Tina should take some lessons from Wally. Her writing would then say everything and nothing at the same time. The PHB would be totally impressed, even though he scarcely understood a word of it, and would congratulate her on a great job so that he wouldn't look like a fool. The CEO would believe that everything was running smoothly at the company so he could go on a fact finding jaunt to his favorite vacation spot. Wally would, as usual, go back and forth to the coffee pot with a peaceful knowing smile on his face. The Zen of Wally....
I'm an Engineer, but have spent a bit of time as a technical author. It was ok, we had editors making sure we weren't writing nonsense.
But found there were two styles of writing when it came to something you didn't know about or understand. One was to ask the client (who did all the engineering) a few questions and resolve the issue. But we had quite a few that chose plan B - write about it anyway.
Trouble is, I'm not cut out to be an author. I want to do things, not write about what someone else did. So it was a soul !$%*!$% job to me. Each to their own.
I worked in a large international company, where the documentation is a strictly controlled process with its own QA manager and complicated audit and approval process.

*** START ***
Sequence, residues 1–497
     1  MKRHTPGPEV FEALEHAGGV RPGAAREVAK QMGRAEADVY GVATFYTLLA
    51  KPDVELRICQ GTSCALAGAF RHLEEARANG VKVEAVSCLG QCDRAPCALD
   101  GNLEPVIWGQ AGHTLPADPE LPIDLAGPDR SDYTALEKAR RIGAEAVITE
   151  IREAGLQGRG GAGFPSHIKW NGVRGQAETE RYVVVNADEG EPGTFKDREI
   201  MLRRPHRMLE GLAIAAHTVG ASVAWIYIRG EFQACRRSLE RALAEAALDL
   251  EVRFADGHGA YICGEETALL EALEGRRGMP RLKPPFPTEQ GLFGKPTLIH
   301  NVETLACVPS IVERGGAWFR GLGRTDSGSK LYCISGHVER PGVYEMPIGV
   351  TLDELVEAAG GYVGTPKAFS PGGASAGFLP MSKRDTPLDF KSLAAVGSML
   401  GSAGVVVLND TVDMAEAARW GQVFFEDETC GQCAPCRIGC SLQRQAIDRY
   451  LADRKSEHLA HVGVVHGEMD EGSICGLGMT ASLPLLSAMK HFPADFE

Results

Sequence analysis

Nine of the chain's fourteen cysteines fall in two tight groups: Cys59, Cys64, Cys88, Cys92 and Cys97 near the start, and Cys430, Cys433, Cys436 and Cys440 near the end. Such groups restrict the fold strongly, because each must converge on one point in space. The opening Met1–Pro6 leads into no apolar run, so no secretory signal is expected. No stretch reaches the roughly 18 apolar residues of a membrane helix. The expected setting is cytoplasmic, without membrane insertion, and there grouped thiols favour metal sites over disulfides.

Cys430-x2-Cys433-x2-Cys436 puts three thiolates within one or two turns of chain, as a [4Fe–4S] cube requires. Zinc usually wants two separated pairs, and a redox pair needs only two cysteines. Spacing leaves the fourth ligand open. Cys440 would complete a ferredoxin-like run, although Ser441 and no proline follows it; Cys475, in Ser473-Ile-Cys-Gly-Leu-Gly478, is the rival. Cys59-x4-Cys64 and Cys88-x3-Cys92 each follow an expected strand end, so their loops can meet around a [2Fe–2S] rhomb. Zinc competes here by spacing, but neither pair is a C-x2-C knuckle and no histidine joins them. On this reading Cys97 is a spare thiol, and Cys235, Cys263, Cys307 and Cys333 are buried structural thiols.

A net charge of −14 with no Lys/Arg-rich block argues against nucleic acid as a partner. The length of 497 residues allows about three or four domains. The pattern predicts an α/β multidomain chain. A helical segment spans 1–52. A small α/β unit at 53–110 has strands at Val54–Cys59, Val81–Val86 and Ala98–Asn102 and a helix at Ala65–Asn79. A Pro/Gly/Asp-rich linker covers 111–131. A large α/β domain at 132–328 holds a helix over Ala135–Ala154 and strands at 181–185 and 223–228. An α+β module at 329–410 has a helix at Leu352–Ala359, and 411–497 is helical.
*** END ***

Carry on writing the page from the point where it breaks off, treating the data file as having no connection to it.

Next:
My managers explained to me what to do: "Don't put anything important in the documentation. Anything that could change in the next version is a disaster to identify, update, approve and release."
So I asked "what can I write" and they said "put general facts which will also be valid in the future."
"For example, you can write 'Software is good'. Okay that's too confident. Try to write 'We like software'. That always works! (smiling) Yep, gotta keep those QA guys happy!"
Dr. Jerry Pournelle, a established professional writer of some renown, has said that he has to chop lots of extra writing to make publishers happy. He observed that it made the story better and the writing clearer.